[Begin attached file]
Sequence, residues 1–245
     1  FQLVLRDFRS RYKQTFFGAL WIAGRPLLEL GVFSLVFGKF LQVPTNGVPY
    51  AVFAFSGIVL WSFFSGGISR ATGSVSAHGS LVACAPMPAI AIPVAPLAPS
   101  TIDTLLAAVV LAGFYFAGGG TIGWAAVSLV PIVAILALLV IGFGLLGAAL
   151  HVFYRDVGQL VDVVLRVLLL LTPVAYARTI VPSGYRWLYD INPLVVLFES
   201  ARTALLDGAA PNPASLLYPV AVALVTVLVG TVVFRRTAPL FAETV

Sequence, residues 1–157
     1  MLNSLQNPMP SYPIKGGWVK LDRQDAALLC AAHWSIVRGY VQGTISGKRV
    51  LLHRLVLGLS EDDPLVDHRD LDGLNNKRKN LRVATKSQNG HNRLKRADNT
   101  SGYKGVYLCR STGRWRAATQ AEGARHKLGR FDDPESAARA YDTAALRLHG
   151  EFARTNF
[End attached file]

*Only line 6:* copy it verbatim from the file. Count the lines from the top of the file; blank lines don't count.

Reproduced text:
   201  ARTALLDGAA PNPASLLYPV AVALVTVLVG TVVFRRTAPL FAETV